Malcolm X’s daughter talks about learning from heritage, creating legacy



By Nicole Schladt

Legacy and heritage play a vital role in human development, a famous activist’s daughter told UK students Wednesday night.

Ambassador Attallah Shabazz, daughter of civil rights activist Malcolm X, spoke before an audience of students and community members as part of a series of speaking engagements throughout Central Kentucky.

“(Your legacy) is your brand, your trademark,” Shabazz said. “Legacy has air. It breathes, it inhales, it exhales. It moves, it travels.”

Shabazz, currently serves as a scholar-in-residency at the University of Louisville. Raised in Mt. Vernon, New York, Shabazz attended the United Nations International School in Manhattan. She was six-years-old when her father was assassinated.

“I will always be a child who watched her father hit the ground backward,” Shabazz said.

During her talk, Shabazz discussed the importance of her father and other family members, including her mother and grandparents, in creating her own personal legacy.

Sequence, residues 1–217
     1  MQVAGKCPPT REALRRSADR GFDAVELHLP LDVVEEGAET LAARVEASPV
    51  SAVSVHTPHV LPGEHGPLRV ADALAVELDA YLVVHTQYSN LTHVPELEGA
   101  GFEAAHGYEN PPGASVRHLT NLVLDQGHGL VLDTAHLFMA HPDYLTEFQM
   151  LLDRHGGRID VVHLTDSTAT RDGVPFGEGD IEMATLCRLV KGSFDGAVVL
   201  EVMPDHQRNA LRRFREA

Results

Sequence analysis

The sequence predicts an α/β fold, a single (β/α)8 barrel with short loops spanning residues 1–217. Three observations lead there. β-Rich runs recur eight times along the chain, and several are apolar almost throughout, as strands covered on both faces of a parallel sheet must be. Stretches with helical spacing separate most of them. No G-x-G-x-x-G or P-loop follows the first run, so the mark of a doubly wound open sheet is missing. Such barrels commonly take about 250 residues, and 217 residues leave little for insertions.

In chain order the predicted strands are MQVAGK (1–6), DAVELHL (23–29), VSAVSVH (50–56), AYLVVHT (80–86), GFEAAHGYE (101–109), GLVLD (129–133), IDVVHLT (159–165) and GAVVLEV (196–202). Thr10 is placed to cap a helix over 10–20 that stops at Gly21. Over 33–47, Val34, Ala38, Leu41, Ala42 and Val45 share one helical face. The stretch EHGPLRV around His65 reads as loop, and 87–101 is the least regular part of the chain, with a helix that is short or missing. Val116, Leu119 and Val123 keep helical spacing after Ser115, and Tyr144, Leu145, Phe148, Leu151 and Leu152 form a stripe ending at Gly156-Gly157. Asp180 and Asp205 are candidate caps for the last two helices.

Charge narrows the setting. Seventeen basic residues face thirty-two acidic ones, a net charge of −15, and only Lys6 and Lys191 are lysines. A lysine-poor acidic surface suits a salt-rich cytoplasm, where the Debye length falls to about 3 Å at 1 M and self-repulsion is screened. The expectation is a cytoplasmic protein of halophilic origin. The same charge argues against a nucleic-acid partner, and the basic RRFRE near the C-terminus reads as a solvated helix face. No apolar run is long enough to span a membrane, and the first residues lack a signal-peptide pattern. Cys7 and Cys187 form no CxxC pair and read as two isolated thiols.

“Being a Shabazz has not always been an easy road,” she said. “Somewhere in the ‘90s it was finally okay to be Malcolm’s daughter.”

History Professor Dr. Jakobi Williams described Shabazz as a renaissance woman, a producer, a writer, and a diplomat.

“She is one of the world’s most sought-after speakers,” he said.

Shabazz’s lecture was an “exclamation point” to a full calendar of events for the Martin Luther King Jr. Cultural Center on campus, center Director Chester Grundy said.

“(Through these cultural events) we hope to create a student that is not just a citizen of Lexington, Kentucky, but a citizen of the world,” Grundy said.